NPR – How Do Organic, Integrated And Conventional Sheep/beef Farms Differ In Meat Production? (p151-163)
New Zealand’s pastoral livestock farm systems, once predominantly breeding/finishing properties geared towards the commodity market have become increasingly diverse niche market producers leading to the development of additional farm management styles such as organic and integrated management. Farmers implementing these systems produce to specific standards, which may constrain their otherwise conventional management style.
ARGOS, a research project with the aim to investigate the economic, environmental, and social differences between organic, integrated and conventional systems of production, has collected 4 years of meat production data from 36 South Island sheep and beef farms and has used this to measure physical production differences between Organic, Integrated and Conventional sheep/beef farms. Net meat export was used as the performance indicator to compare these farming systems. Organic management systems had 60% net meat export of integrated and conventional systems for lamb however variability within the management systems masked significant differences for carcass weight sold or the distribution of monthly sales and purchases.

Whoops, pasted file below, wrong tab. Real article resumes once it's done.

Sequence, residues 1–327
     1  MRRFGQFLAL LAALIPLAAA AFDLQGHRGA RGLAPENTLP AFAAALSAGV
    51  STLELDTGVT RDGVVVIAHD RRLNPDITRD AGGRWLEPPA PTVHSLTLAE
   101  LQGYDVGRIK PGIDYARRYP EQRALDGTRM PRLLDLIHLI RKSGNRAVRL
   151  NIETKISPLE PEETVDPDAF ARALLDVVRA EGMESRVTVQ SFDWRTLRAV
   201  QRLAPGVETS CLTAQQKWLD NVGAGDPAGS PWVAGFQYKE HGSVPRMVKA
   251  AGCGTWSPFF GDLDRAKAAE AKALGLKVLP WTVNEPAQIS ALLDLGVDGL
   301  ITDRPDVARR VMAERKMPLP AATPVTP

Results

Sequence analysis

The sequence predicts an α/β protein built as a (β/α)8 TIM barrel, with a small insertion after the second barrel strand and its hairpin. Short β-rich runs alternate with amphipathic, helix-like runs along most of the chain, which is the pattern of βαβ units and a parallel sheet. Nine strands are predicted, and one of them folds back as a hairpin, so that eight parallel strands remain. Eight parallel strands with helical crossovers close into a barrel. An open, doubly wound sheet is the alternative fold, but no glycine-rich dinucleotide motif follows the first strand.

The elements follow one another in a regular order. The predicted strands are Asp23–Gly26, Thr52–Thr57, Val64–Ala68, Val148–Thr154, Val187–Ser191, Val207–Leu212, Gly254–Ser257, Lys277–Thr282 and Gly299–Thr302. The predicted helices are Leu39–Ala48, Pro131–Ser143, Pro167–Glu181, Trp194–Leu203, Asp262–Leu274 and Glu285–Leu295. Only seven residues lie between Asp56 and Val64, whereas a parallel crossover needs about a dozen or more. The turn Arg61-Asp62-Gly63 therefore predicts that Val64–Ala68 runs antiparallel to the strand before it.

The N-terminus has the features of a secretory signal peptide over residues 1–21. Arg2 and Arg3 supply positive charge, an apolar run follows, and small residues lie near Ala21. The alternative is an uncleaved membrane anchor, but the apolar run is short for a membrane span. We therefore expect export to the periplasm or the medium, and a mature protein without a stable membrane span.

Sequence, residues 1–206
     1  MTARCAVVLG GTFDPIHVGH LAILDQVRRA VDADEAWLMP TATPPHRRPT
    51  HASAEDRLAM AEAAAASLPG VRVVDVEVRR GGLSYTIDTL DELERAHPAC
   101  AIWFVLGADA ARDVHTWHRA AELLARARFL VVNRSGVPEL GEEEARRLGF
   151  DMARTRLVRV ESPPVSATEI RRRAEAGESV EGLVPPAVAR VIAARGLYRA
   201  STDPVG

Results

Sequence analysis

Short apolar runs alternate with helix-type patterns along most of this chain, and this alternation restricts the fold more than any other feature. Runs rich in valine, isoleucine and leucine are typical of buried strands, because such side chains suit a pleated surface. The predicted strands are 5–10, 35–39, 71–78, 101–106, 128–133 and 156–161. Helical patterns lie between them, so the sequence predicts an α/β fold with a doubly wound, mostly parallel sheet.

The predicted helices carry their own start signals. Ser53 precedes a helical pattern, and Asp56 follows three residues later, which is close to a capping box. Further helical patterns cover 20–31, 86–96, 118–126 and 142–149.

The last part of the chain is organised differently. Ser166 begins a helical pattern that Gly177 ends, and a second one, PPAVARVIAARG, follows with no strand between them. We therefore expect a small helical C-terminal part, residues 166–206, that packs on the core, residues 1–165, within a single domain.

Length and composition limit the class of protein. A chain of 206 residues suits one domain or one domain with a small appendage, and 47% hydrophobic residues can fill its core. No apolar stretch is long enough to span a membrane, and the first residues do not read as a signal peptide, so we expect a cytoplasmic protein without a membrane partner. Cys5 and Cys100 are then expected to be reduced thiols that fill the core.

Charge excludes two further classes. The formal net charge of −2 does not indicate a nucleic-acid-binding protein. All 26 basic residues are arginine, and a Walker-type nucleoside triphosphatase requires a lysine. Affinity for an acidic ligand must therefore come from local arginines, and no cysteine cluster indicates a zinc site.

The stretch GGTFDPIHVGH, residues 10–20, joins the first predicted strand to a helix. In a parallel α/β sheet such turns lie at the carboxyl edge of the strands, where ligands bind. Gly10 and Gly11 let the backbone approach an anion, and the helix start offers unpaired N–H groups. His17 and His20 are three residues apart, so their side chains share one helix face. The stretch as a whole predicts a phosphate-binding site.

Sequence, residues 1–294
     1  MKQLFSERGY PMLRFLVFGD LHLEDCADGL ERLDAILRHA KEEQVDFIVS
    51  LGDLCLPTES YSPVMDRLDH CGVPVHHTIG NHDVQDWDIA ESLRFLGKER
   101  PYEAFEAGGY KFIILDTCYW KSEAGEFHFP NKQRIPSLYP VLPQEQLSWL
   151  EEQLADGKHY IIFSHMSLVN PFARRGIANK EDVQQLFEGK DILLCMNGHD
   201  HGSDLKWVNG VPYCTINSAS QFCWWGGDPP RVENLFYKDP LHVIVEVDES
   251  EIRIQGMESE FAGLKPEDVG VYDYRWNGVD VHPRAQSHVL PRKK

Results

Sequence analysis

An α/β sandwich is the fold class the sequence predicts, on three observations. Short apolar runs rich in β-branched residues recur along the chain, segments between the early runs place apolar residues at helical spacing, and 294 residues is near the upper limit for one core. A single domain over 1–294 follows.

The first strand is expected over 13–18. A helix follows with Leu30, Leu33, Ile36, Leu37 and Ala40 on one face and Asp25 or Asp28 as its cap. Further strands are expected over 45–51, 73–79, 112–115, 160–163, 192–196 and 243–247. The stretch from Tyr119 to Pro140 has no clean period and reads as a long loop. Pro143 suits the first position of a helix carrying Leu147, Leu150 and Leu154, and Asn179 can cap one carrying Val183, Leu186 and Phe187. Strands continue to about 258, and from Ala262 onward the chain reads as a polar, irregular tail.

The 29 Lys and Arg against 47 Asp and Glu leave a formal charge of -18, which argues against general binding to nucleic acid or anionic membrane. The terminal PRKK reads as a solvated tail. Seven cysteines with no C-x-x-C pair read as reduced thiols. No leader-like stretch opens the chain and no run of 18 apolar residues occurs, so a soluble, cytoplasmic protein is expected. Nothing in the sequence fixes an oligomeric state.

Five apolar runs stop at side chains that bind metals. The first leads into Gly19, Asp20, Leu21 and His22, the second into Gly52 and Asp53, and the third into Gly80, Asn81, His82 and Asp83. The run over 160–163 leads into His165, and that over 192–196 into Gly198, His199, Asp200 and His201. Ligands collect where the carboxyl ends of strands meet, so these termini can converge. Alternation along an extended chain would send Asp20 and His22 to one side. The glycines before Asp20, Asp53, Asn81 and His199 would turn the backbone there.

Likewise there were no significant differences between management systems when the net meat export values was used as a measure of production efficiency based on the net meat exported as a percentage of sheep wintered.
The variability highlights the uniqueness and complexity of individual farm systems.
Keywords: Agriculture, organic, integrated management, sustainability.
Country: New Zealand